Peripheral Neuropathy in Late-onset Krabbe Disease

Abstract & Commentary

By Michael Rubin, MD, Professor of Clinical Neurology, Weill Cornell Medical College. Dr. Rubin reports no financial relationships relevant to this field of study.

Synopsis: Krabbe disease can rarely present in adults as a combined central nervous system disorder with polyneuropathy.

Source: Malandrini A, et al. Peripheral neuropathy in late-onset Krabbe disease: Report of three cases. Neurol Sci DOI 10.1007/s10072-012-0956-6.

More than 80 reported mutations of the galactocerebrosidase (GALC) gene on chromosome 14q31 result in Krabbe disease (globoid cell leukodystrophy), causing liposomal hydrolysis of galactolipids formed during white matter myelination, with consequent central and peripheral nervous system demyelinating disease. Most patients present within the first 6 months of life, predominantly with central nervous system manifestations, including microcephaly, hypotonia, developmental delay, and optic atrophy. Peripheral neuropathy is seen in all patients, usually small fiber or demyelinating in nature, and neuropathy predominates in the rare, adult-onset cases, and presents with burning dysesthesiae, or distal weakness and numbness. With three atypical, adult-onset, Krabbe disease patients reported, the spectrum of its presentation is expanded.

Falling and progressively deteriorating unsteady gait of 7 years' duration was the presenting feature in a 44-year-old woman whose neurological examination demonstrated spastic ataxia, hyper-reflexia, bilaterally up-going toes, dysarthria, dysphagia, and left leg weakness. T2-weighted brain MRI demonstrated areas of white matter hyperintensity bilaterally, particularly in the frontoparietal regions. Mild axonal neuropathy was noted on electrophysiological study, and sural nerve biopsy revealed normal myelinated fiber density and teased fibers. Cytoplasmic membrane-bound vacuoles containing lamellar and tubular material were observed in 20% of Schwann cells and some macrophages, and leukocyte lysosomal GALC activity was 0.8 nmol/h/mg protein (normal 2.0–6.0).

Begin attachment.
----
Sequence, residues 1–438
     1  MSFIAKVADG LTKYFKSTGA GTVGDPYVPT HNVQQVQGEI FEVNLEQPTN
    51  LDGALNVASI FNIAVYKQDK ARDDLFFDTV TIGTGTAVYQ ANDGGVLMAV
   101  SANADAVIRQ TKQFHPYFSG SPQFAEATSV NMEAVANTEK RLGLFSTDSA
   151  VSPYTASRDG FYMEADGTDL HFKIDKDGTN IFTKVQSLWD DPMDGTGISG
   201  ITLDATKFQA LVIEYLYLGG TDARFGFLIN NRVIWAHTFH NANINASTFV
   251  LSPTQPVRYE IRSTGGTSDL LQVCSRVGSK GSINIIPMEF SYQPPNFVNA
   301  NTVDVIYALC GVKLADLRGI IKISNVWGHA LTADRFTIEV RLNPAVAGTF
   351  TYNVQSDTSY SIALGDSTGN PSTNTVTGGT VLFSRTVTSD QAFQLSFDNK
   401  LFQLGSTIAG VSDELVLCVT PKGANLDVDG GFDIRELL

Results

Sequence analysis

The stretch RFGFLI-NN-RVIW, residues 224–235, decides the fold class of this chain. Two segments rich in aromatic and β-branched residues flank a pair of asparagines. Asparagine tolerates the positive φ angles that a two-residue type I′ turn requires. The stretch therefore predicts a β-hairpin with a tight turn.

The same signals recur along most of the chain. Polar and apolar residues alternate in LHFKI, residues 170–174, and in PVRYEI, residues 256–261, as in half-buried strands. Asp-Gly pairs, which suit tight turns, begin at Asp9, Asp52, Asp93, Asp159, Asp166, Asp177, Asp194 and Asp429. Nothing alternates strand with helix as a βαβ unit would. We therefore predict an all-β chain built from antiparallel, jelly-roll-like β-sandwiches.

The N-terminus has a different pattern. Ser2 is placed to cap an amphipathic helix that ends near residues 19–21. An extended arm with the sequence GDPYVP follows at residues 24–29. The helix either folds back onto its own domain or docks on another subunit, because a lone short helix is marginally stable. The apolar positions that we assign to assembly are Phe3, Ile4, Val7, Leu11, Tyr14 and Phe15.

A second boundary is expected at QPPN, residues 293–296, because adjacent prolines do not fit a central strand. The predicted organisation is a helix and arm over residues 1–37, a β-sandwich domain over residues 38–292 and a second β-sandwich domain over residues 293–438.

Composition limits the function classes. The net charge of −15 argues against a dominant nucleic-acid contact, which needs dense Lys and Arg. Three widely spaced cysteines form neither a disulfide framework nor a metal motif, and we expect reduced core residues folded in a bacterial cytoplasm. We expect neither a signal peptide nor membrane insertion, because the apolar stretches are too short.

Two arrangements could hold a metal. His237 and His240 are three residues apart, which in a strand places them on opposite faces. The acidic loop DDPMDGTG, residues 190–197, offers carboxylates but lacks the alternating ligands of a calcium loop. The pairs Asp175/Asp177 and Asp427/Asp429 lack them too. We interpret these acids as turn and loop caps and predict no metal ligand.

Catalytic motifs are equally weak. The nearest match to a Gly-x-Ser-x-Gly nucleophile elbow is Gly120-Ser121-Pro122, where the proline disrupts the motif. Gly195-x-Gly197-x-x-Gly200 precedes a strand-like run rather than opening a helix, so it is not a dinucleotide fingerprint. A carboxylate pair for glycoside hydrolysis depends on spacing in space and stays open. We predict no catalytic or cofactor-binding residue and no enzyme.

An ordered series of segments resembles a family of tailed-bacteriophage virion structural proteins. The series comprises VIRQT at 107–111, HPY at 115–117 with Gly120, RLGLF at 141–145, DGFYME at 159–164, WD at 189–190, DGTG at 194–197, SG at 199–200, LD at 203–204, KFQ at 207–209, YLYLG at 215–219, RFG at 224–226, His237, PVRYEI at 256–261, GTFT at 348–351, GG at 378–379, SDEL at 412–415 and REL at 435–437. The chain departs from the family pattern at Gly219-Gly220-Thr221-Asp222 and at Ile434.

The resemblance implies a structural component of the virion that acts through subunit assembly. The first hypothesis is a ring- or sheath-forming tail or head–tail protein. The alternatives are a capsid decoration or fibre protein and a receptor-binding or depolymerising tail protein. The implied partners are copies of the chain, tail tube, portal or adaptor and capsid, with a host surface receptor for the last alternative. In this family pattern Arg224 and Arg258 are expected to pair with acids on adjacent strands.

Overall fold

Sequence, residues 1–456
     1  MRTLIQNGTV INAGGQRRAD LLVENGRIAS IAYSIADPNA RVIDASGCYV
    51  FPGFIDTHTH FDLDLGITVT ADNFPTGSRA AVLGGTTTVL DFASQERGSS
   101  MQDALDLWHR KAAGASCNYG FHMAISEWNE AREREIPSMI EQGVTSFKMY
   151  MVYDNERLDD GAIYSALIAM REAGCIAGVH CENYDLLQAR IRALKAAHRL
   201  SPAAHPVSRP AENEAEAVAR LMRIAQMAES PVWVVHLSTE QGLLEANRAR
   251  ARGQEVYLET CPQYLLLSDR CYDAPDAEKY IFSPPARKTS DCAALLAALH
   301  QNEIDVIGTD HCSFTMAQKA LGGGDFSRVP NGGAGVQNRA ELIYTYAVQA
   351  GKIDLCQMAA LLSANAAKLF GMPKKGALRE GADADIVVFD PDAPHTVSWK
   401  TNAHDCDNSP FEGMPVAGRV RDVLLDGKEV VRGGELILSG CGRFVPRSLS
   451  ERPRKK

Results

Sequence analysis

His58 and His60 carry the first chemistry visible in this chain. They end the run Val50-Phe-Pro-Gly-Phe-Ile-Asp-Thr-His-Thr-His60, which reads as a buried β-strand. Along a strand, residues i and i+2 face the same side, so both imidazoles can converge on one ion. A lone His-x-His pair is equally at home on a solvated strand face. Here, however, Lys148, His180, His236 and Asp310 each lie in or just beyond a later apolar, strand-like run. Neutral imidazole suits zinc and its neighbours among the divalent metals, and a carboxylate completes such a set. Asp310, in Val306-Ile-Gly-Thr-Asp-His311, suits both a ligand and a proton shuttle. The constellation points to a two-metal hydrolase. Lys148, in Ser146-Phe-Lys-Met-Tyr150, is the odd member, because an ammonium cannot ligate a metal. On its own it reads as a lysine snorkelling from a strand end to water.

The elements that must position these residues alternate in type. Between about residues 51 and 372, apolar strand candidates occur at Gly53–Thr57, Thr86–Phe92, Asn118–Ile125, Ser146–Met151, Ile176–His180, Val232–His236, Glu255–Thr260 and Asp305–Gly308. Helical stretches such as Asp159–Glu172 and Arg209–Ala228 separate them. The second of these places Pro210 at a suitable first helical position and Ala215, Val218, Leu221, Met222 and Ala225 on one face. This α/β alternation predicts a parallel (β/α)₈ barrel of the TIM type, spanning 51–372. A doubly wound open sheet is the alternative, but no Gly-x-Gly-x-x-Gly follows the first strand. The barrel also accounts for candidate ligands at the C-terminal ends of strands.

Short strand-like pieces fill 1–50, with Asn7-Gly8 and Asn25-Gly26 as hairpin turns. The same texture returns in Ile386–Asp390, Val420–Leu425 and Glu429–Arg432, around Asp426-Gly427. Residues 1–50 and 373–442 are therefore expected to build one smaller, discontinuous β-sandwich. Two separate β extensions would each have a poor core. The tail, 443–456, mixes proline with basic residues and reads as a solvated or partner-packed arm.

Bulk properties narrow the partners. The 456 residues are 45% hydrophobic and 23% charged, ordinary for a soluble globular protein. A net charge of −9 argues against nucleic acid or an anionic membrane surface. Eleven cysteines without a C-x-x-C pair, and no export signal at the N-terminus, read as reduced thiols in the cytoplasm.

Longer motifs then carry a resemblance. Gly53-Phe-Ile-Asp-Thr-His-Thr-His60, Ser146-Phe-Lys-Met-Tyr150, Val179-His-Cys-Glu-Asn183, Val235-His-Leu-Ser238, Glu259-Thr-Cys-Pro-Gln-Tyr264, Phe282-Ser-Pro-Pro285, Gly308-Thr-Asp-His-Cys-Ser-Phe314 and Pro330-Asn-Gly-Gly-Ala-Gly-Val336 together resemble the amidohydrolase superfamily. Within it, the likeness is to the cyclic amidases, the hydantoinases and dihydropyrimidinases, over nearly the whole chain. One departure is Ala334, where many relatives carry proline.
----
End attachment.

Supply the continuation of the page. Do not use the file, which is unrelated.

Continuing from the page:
Progressive unsteadiness, gait problems, and cognitive impairment of 4 years' duration were the presenting features in a 57-year-old man whose neurological examination demonstrated impaired cognition, dysarthria, dysphagia, right-sided weakness, hyper-reflexia, and Babinski sign. T2-weighted brain MRI demonstrated areas of white matter hyperintensity bilaterally, particularly in the periventricular region. Severe axonal sensorimotor neuropathy was noted on electrophysiological study, and sural nerve biopsy revealed complete loss of large diameter myelinated fibers. Cytoplasmic curved lamellar inclusions were seen in 18% of Schwann cells and some macrophages, and leukocyte lysosomal GALC activity was 1.0 nmol/h/mg protein.

Gait problems, leg pain, and weight loss of 2 years' duration were the presenting features in a 44-year-old woman whose neurological examination demonstrated spastic ataxia, hyper-reflexia, bilaterally up-going toes, and vibratory loss in the feet. T2-weighted brain MRI demonstrated areas of white matter hyperintensity bilaterally, particularly in the corticospinal tracts. Demyelinating sensorimotor neuropathy was noted on electrophysiological study, and sural nerve biopsy revealed slight loss of large diameter myelinated fiber density. Zebra-body-like inclusions were seen in 14% of Schwann cells and some macrophages, and leukocyte lysosomal GALC activity was 1.1 nmol/h/mg protein.

Late-onset Krabbe disease should be considered in any patient with a combination of peripheral neuropathy and progressive central nervous system disease.

Commentary

Globoid-cell leukodystrophy, the descriptive name for Krabbe disease, encapsulates its neuropathology, encompassing widespread demyelination and axonal degeneration, oligodendroglial loss, and astroglial proliferation in the brain and spinal cord. Globoid cells, found around capillaries especially where demyelination is active in the brain and spinal cord, are large, multinucleated cells of mononuclear macrophage origin, and contain abnormal, freely scattered, cytoplasmic inclusions. Psychosine (β-galactosylsphingosine) accumulates and is cytotoxic, generating cytokines and arachidonic acid, and acting by inhibiting a key signaling molecule, protein kinase C (PKC), and reducing PKC-dependent myelin basic protein phosphorylation in oligodendrocytes and Schwann cells. As a result, psychosines interrupt cell division, and promote intracellular clumping of F-actin polymers with resultant formation of vacuoles. Precisely how psychosines accumulate remains unclear.